Falsifiability is the ability for something to be proven wrong or be proven false. This concept was first introduced by scientist Karl Popper (1902-1994) whose interest focused on how to properly separate real, legitimate science from pseudo-science. Now falsifiability is typically used in regards to the scientific method and empirical testing. If something exhibits falsifiability and is falsifiable then it can be proven wrong.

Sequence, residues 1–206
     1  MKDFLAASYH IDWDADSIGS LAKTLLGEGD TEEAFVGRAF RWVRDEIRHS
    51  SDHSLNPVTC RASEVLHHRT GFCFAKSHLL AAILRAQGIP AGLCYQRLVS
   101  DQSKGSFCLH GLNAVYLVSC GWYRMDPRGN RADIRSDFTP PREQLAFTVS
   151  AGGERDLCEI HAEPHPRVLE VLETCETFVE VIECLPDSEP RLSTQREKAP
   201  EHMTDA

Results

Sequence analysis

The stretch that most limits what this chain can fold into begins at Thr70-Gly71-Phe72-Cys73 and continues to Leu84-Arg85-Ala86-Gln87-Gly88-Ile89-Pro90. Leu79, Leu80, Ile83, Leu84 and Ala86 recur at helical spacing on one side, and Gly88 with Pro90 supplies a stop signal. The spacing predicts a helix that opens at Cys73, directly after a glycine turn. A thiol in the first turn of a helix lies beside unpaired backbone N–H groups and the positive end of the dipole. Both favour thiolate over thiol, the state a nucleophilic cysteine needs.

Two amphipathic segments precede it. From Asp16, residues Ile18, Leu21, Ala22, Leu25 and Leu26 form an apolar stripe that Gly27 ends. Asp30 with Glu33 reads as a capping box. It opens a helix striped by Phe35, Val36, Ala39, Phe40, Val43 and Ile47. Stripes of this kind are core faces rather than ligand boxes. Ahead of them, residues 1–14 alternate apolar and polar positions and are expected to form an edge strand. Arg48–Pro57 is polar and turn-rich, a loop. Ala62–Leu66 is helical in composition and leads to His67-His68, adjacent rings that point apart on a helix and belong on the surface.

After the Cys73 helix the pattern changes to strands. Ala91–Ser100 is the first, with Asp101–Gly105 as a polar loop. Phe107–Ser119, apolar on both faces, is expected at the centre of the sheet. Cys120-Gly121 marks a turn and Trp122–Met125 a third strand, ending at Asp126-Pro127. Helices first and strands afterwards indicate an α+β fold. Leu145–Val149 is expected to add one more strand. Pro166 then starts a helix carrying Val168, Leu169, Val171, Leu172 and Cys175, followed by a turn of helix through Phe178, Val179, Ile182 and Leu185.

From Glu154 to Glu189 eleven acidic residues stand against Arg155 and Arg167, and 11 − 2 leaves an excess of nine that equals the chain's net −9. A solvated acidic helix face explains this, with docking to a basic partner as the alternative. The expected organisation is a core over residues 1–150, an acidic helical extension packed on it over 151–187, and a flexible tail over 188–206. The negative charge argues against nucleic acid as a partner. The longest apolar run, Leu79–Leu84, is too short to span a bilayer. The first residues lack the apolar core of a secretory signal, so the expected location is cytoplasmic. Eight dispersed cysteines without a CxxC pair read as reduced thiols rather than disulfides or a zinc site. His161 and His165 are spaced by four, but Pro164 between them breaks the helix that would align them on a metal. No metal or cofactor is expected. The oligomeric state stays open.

For instance, in hypothesis testing the null hypothesis is proposed by the researcher as the opposite of what their hypothesis is. The null hypothesis is either rejected (which means the hypothesis is supported) or is not rejected. The null hypothesis is essentially a statement about falsifiability.